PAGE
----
Authority to Heal and Forgive

Matthew 9: 1-8
Gen 22:1b-19 / Psa 115

Which is easier: to say, ‘Your sins are forgiven,’ or to say, ‘Get up and walk’? But so that you may know that the Son of Man has authority on earth to forgive sins….” Then He said to the paralytic, “Get up, take your mat and go home.”
(Matthew 9: 6-7)

Forgiveness comes before we heal;
With sin miracles won’t happen...
Our faith can help but not until
All our sins have been forgiven.

Jesus stepped into a boat, crossed over and came to His own town. Some men brought to Him a paralytic, lying on a mat. When Jesus saw their faith, He said to the paralytic, “Take heart, son; your sins are forgiven.” At this, some of the teachers of the law said to themselves, “This fellow is blaspheming!” Knowing their thoughts, Jesus said, “Why do you entertain evil thoughts in your hearts? Which is easier: to say, ‘Your sins are forgiven,’ or to say, ‘Get up and walk’? But so that you may know that the Son of Man has authority on earth to forgive sins….” Then He said to the paralytic, “Get up, take your mat and go home.” And the man got up and went home. When the crowd saw this, they were filled with awe; and they praised God, who had given such authority to men. (Matthew 9: 1-8)

Reflection

Matthew’s narrative in today’s Gospel brings to light not only the vital connection between forgiveness and healing, but the subtle way that Jesus proved that He was indeed God, (for only God could forgive sins), by commanding the paralytic to “Get up, take your mat and go home.” After all, if He could command a storm to be calm and cast out demons earlier that day, surely He must also have the authority to forgive sins.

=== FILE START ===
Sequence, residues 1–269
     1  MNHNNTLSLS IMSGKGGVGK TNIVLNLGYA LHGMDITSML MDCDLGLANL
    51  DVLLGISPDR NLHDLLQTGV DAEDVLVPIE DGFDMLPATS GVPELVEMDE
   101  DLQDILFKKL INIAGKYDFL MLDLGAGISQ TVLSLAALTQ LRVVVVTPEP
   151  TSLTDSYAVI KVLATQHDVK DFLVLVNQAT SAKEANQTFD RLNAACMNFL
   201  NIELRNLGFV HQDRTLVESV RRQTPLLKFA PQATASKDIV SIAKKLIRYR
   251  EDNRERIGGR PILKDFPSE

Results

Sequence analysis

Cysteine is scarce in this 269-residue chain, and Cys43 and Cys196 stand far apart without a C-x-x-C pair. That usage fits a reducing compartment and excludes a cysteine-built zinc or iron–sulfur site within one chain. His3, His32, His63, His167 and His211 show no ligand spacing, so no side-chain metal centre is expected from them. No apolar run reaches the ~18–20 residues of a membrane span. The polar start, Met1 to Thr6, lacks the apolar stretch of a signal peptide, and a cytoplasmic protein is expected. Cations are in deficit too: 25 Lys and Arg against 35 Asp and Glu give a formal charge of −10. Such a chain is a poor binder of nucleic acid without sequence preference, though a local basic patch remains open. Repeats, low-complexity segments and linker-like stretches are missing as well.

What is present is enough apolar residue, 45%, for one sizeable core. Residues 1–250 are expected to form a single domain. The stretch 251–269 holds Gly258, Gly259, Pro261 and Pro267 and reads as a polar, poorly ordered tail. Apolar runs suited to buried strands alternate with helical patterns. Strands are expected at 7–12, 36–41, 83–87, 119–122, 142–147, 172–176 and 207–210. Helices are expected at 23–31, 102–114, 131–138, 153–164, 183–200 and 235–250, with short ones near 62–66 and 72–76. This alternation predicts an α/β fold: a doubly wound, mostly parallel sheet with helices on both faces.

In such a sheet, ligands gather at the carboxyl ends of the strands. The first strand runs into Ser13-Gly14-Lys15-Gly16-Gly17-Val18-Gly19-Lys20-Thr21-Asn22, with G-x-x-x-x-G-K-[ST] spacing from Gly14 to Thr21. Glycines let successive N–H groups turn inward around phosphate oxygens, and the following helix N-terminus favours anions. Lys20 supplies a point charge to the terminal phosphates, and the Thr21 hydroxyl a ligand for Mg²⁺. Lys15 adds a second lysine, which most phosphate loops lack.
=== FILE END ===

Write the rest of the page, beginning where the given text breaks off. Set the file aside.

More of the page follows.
As prophesied by Scriptures, the Messiah would come to be God’s sacrificial Lamb for the remission of sins. “He took up our infirmities and carried our sorrows … pierced for our transgressions … crushed for our iniquities … the LORD laid on him the iniquity of us all” (Isa 53:4,5,6). The Book of Isaiah says further: “Yet it was the LORD’s will to crush him and cause him to suffer, and though the LORD makes his life a guilt offering, my righteous servant will justify many, and he will bear their iniquities” (Isa 53:10,11).

In His great love for mankind, God became man in Jesus Christ in order to heal a world that had been stricken by sin. All the calamities, conflicts and contagion in the world were the effects of original sin. Now, if Jesus could heal or repair the damage caused by sin, surely He could take upon Himself sin itself by forgiving all sinners. In fact, this was His mission, according to the Father’s plan.

The wonder of it was the subtle way our Lord Jesus executed that plan. By publicly forgiving the paralytic of his sins, He gave the scribes, the teachers of the law, a “valid” reason to accuse Him of blasphemy, which would be their basis later on for his trial and execution. His eventual crucifixion and death in Calvary would be the culmination of His life’s mission for the salvation of mankind from sin.

In order to be true followers of Christ, we too must learn how to forgive. When Peter asked Jesus how many times we must forgive a brother who sins against us, He answered, “I say to you, not seven times, but seventy-seven times” (Mt.19:22). Forgiveness lies in the crux of healing our broken relationships – with God and with our brothers and sisters. May this important lesson lead to unity, love and peace.

Lord Jesus, thank You for the lessons that You have lovingly imparted to us in today’s Gospel. Grant, O Lord, that we may follow them for our own healing and justification. Amen.

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